Her world is mostly shouting. She has not had a conversation like that with anyone recently. She is always talking loudly, too loudly. Everybody says that. She does that because she hopes they hear. But it seems no matter how loud she speaks no one hears. That girl, the one over the road is not speaking very loudly at all and still her voice is being heard. Perhaps if she looked like that?

She whispers things to herself in the night. But only silly things, like, you are really pretty. But then sometimes other things, like, you aren’t worth anything. Silent tears because she is never alone, there is never space in the house to be alone. No one notices. She is better off out here in the world. There are boys, boys out here. They are not the kind on the telly.

One of them grabbed her once, well actually it was two of them, but the details aren’t important she tells herself. At least it was a human touch. They just felt. They didn’t do anything. She had kicked one of them. She knew she had kicked hard. She hoped it hurt but worried that it hurt too much. She wanted to be a good girl, but a good girl for who.

For the boys? ‘Let me touch, but don’t tell’. For the teachers? ‘Study hard and if not be quiet so others can’. For her Mum? ‘Be invisible, you were a mistake, if you can’t be invisible be quiet.’ They all had a definition of a ‘good girl’ and she fitted none of them. She was loud but still no one heard. Soon she suspected she would have to choose what kind of ‘good girl’? There would be no time. It would be random, chance. There was no one to tell her. No one to listen to the questions she had.

Somehow she knew she would choose the boys. Everybody did, didn’t they? Maybe not the girl over the road. She wasn’t over the road, she was here on the wall. Soon she would be drinking, maybe try their drugs. She didn’t know. She was gravitating towards the people who could give her something, anything. She would be popular. She would belong. She would be their kind of ‘good girl’. She didn’t want that, but at least they heard her. Sometimes at least. It was touch, human touch.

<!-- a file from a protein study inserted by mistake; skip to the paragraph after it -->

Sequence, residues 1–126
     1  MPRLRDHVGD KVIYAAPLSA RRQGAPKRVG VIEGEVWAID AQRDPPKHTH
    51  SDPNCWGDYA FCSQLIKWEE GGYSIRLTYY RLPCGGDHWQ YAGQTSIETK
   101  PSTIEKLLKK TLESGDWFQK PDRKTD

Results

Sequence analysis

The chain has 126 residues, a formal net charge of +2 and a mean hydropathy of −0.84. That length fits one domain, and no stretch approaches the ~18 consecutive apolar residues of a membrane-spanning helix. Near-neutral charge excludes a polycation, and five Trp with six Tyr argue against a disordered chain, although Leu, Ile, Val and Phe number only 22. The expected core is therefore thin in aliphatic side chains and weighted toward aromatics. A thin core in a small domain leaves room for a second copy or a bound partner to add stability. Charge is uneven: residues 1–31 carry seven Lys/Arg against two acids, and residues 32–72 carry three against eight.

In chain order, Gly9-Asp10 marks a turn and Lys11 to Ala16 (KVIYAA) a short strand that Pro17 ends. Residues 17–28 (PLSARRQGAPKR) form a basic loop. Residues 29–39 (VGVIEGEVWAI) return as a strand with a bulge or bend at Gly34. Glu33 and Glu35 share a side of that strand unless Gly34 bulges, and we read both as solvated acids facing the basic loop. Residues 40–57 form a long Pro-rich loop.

Still she looked at the girl across the street, walking and talking with the woman who was probably her mother. How did that kind of belonging feel? She wondered. Someone to listen. Someone who thought you might have something to say. She could imagine the measured tone, the careful answers. No shouting. Sometimes her mother looked right through her, at one of the others, at something they had done.

Inside her head she knew stuff, knew she could know stuff. She was clever, it was such a long time since anyone had told her she was clever. She was the only person who knew she was clever. She kept it hidden. There simply wasn’t the space for it. If she just hadn’t had to scream so loudly for someone to notice, to please notice. What was it like to have someone who noticed?

The getting home time was getting later and no one noticed. The clothes were getting tighter, not just because that was what she wanted but because that was all there was. No one noticed.

She knew chances and time were running out. She had the urge to run across the street and grab the woman by the arm and scream, me, me, me, listen to me, I am worth it. She looked at her shoes. She knew she wasn’t. Wasn’t worth the teachers time, her mothers time, her father-no idea. No ones time. No one had time to listen. The voice had gotten louder, the actions more outrageous. She was a lost cause. No going back, just going on further and further down the hill. Like a car crashing over the barrier and down the bank.

They could put on the brakes, any of them could reach out and put on the brakes. But her car kept careening down the hill. The louder she was, the less she was heard. No one heard her scream as the car slid into the bottomless lake at the foot of the hill. She sank quietly into the mire. Seen without being seen. Loud yet voiceless. Even as she struggled through the water, she imagined a hand reaching down. What had happened to that girl across the street, in the nice uniform, where was her hand.

There were simply no hands. She struggled for every breath. Still she drowned in the weightless expectation of a failure that wasn’t hers. Screaming as loudly as she could. She drowned. No one noticed.

Portraits from a town

Some people would draw it but I choose words for my pictures. You know the place, you’ve passed through on your way to somewhere else. You didn’t stop and if you did it was just to buy some food  before you drove on. It was nondescript, home to no one you know. You can’t even remember its name. It wasn’t big, it wasn’t small, it was just a town.